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We read the article by Dattani et al.  concerning effectiveness and cost of computer-navigated total knee arthroplasty (TKA) with interest. It is essential to determine potential benefits, drawbacks and cost of computer navigation to assess the value of this relatively new technology. In a study of our own (presented at the DGOU meeting, October 22–25, 2008 in Berlin, Germany), we compared conventional and computer-navigated total knee replacements. Computer navigation significantly reduced imperfections and improved the mechanical axis. Costs for computer navigation were calculated as 442€ per navigated operation for our hospital. Further analysis of our data revealed a significantly reduced blood loss and transfusion rate for the navigated implanted prostheses. These results are consistent with another cited study . Unfortunately, in this context, two other citations in the article of Dattani et al. are incorrect: the study of Bierbaum et al.  did not record data about computer navigation at all, and Stulberg et al.  did not report details of blood loss or blood transfusions.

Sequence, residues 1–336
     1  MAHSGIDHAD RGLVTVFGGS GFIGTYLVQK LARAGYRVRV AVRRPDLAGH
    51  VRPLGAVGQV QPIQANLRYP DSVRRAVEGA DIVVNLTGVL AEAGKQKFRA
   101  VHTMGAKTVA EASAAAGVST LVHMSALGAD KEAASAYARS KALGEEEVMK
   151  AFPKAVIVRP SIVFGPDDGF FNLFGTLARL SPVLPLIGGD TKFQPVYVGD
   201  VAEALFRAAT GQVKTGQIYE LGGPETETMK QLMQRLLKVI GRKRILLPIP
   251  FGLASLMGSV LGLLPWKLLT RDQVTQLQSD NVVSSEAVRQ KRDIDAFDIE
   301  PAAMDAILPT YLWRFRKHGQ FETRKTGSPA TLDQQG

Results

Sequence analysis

From our point of view, in addition to the comments on the Dattani article, another positive aspect of computer navigation should be mentioned, that is, the intraoperative feedback with regard to resection, ligament balancing, and limb alignment provided by computer-assisted surgery which offers surgeons an opportunity to improve their judgment with regard to the accuracy with which they perform and evaluate each step of the total knee arthroplasty procedure . Therefore, computer-assisted surgery has the potential to function as a highly effective teaching tool in training orthopaedic residents and less experienced surgeons on how to perform knee reconstructions more accurately.